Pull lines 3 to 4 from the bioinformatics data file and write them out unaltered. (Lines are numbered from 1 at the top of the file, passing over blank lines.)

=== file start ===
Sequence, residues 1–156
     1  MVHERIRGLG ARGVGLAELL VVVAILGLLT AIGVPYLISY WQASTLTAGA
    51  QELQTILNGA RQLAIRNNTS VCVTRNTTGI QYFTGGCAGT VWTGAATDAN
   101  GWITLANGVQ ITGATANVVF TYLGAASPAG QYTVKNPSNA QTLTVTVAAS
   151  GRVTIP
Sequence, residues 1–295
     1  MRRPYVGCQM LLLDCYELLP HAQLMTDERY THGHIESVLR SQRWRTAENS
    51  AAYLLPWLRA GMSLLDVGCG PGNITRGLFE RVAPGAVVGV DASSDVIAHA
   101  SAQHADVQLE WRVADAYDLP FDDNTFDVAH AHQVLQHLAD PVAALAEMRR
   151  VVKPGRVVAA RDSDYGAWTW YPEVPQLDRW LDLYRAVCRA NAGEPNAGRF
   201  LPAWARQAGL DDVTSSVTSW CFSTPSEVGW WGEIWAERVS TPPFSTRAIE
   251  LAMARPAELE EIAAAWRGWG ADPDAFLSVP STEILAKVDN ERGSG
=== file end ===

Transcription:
    51  QELQTILNGA RQLAIRNNTS VCVTRNTTGI QYFTGGCAGT VWTGAATDAN
   101  GWITLANGVQ ITGATANVVF TYLGAASPAG QYTVKNPSNA QTLTVTVAAS